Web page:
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The behavior of colonizing creatures in the natural world is endlessly fascinating. Books and TV programs are devoted to the astonishing feats of intelligent cooperation performed by supposedly dumb ants, for instance, who can organize themselves to build complex structures like shelters, boats and bridges at a moment's notice, often out of their own bodies.
The tiny organisms that grow in recreational water are canny project managers, too, in much the same way. Given a little time and opportunity, they can build a stronghold capable of repelling chlorine and bromine attacks and serving as a base for continued growth and expansion. These common, everyday microbes can organize themselves, take on sacrificial roles for the greater good of the colony and build a pathogen citadel along the wall of a spa or pool.
This base of pathogenic operations is biofilm, a slimy substance often found around the waterline of spas but capable of clinging to any surface in the aquatic environment.
The construction of the biofilm base is a survival strategy for microorganisms. Floating free and alone in spa water, they are easy prey for sanitizers like bromine and chlorine and biguanide. But if allowed to build a biofilm base slathered in protective slime, these microscopic creatures can survive the presence of sanitizers and pursue their agenda of mass replication.
Out in open spa water, these microbes are looking for a solid surface onto which they can attach themselves and where they can immediately set up reproductive operations. Incredibly, once a microbe colony has started a base, they can literally call to other microbes in the spa to come help build fortifications.
This "call" is accomplished through a release of chemicals, which are understood by other floating microbes as an invitation to come over and join the party. And as more microbes arrive and become stuck to the surface, more chemicals are given off, which draw more microbes, and the gathering just grows and grows.
At some point, when enough microbes have gathered, and the concentration of chemical invitations gets high enough, then the microbes' metabolism changes and they start to form a three-layer biofilm.
Each layer has a role:
The bottom layer is there to anchor the structure to the surface of the spa. This layer doesn't receive many nutrients from the water (as it's at the bottom), it's just there to keep a good grip on the wall.
The top layer is the outer, exposed surface of the biofilm. Because it is the boundary layer, next to the water, where microbes can get all the nutrients they need, this is where the breeding happens. Of course it's more dangerous here as well, as these organisms are less protected.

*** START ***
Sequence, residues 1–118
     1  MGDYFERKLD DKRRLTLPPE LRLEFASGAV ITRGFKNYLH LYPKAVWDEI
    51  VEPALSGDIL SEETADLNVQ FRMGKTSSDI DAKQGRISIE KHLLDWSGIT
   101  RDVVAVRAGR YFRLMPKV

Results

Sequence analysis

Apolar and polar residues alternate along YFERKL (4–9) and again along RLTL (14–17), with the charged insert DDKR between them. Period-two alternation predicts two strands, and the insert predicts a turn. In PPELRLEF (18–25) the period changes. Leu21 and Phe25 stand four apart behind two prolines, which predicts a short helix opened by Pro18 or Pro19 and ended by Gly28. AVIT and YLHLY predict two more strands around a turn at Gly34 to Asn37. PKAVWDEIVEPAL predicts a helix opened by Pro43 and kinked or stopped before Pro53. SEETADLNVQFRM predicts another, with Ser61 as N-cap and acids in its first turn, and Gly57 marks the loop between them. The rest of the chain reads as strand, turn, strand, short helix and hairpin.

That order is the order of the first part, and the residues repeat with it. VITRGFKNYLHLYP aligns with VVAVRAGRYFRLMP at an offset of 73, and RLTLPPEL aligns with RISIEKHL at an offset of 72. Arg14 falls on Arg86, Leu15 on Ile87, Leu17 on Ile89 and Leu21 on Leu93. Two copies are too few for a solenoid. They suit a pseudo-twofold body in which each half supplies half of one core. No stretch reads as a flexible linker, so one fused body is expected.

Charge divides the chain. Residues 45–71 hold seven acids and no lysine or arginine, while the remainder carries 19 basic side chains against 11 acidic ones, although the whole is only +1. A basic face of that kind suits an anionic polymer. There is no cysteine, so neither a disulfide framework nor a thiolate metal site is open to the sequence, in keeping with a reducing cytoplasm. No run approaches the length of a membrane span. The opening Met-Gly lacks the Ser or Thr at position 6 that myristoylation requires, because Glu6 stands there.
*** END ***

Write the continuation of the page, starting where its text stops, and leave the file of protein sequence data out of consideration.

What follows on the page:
The microbes of the middle layer can take on either role. If part of the top layer is killed and sloughs off, these members can take over the breeding activities. Or, if necessary, they can also move down and help anchor the biofilm to the surface.
The most serious problem for the spa professional comes when the layered, living structure is built and the constituent microbes generate a slimy biofilm. This layer of goo insulates the colony from the sanitizer and keeps the bromine or chlorine from doing its job.
Without some kind of direct physical action by the person responsible for spa maintenance, this gelatinous colony will continue to grow.
It's interesting to note that biofilm is typically not made up of just one type of microbe. There are usually lots of different microbes in the biofilm — often bacteria such as pseudomonas and legionella, among other nasty scum-bugs — and despite their genetic and cultural differences, they all work together using this basic plan.
Traditional fortresses of almost any age require a tremendous battering to bring down. Fortunately, biofilm redoubts can be reduced more easily. In fact, you can just physically remove biofilm using a brush or sponge and a surface cleaner. The key is understanding the need for regular, diligent cleaning.
For those looking to make the process more convenient, some companies offer a disposable mitt pre-saturated with cleaner that you can simply put on your hand and use to wipe around the spa — but anything you can use to break through that slime layer and get those microbes exposed to cleaning chemicals or the sanitizer in the water will do the job.
This may be part of a weekly maintenance routine, depending on spa usage. If the spa sits unused for a long time, it can go longer between wipedowns.
Regardless of regular maintenance schedules, when the spa is drained, that's an excellent time to go in and do a thorough surface cleaning, making sure to scrub areas that might have been missed in the weekly routine.
Information for this story was provided by Karen Rigsby, business support manager at BioLab in Atlanta. She has a degree in chemistry from Georgia Tech.
Black algae is a much more common scourge in plaster pools than spas, but it builds a structure similar to the biofilm found in spas by digging into the pool wall and secreting a sticky protective layer.
Actually, black algae is not an algae at all, but a type of bacteria that especially likes the small grooves and rough surfaces common in plaster pools where it can get a firm grip.
Diligent brushing is necessary to break through the slimy outer layer of the biofilm and expose cells to the killing effects of chlorine or algaecide. But you don't have to scrub it to death. The trick is patient and consistent daily removal of the outer layer through brushing, and the resultant steady attrition of the outer layers.
Don't look for immediate results, just know that brushing destroys the protective layer and allows the biocides added to the pool water (an algaecide specifically made for black algae is recommended) to penetrate and kill black algae cells. — S.W.
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